May 31, 2019
By Noel Randewich
SAN FRANCISCO (Reuters) – Global stock markets shed over $2 trillion in value in May as the U.S.-China trade conflict escalated, with fears of a trade-related economic slowdown intensifying on Friday after U.S. President Donald Trump threatened Mexico with tariffs.
Washington says it will impose a 5% tariff on Mexican goods beginning June 10, which would then rise steadily to 25% until illegal immigration across the countries’ border is stopped. Trump tweeted the decision late Thursday, catching markets by surprise.
The following graphics do not reflect closing prices for May 31.
(GRAPHIC-S&P 500 down nearly 7% in May link: https://tmsnrt.rs/2WDXJje).
The S&P 500 dropped 1.3%, bringing its loss for May to 6.6%, equivalent to about $1.6 trillion of its market capitalization, according to Refinitiv’s Datastream.
(GRAPHIC-Trade fears hammer global stocks in May link: https://tmsnrt.rs/2KiBJ7k)
MSCI’s gauge of stocks across the globe shed 0.8%, bringing its monthly loss to 6.2%, equivalent to over $2 trillion, according to Datastream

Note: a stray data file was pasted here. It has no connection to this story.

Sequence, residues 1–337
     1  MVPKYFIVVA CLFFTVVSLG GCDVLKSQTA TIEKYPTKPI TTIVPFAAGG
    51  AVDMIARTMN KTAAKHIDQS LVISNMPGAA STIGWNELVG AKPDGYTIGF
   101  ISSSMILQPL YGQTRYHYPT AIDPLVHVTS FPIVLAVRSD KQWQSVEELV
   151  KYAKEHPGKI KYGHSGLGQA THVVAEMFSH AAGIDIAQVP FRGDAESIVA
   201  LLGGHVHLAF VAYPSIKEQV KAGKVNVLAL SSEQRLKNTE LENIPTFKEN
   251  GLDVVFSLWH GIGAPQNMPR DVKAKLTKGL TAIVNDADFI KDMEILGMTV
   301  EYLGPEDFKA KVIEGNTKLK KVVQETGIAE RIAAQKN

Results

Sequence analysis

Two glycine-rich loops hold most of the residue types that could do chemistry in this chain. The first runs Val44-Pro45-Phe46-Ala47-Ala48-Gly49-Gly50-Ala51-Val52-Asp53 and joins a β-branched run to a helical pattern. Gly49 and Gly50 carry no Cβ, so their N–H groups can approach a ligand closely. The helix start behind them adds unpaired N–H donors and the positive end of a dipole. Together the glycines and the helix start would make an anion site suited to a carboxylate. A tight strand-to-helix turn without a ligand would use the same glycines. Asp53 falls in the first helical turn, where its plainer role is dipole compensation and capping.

(GRAPHIC-Trump’s trade war and the S&P 500 link: https://tmsnrt.rs/2WCTIM5).
“The more that we worry about additional tariffs being laid on when we haven’t even resolved the initial tariff issues we’re having with China, it’s just negative overall for global markets,” warned Saira Malik, head of global equities at Nuveen, a global investment manager with almost a trillion dollars under management.
(GRAPHIC-Indexes tumbled in May link: https://tmsnrt.rs/2WvOodx)
Japan’s Nikkei index and MSCI’s Asia Pacific index, ex Japan, each tumbled almost 8% in May, underscoring the region’s sensitivity to global trade.
The pan-European STOXX 600 index lost 0.8% on Friday and ended down 5.7% for the month, its deepest monthly drop since January 2016.
“The latest tariff threat with Mexico was quite unexpected, as we’ve been hearing how well discussions have been going with both Canada and Mexico,” Ryan Detrick, senior market strategist for LPL Financial, wrote in an email. “The big question at the end of the day though is can we really fight two trade wars at the same time?”
(Reporting by Noel Randewich, additional reporting in New York by Caroline Valetkevitch and Chuck Mikolajczak; Editing by Tom Brown)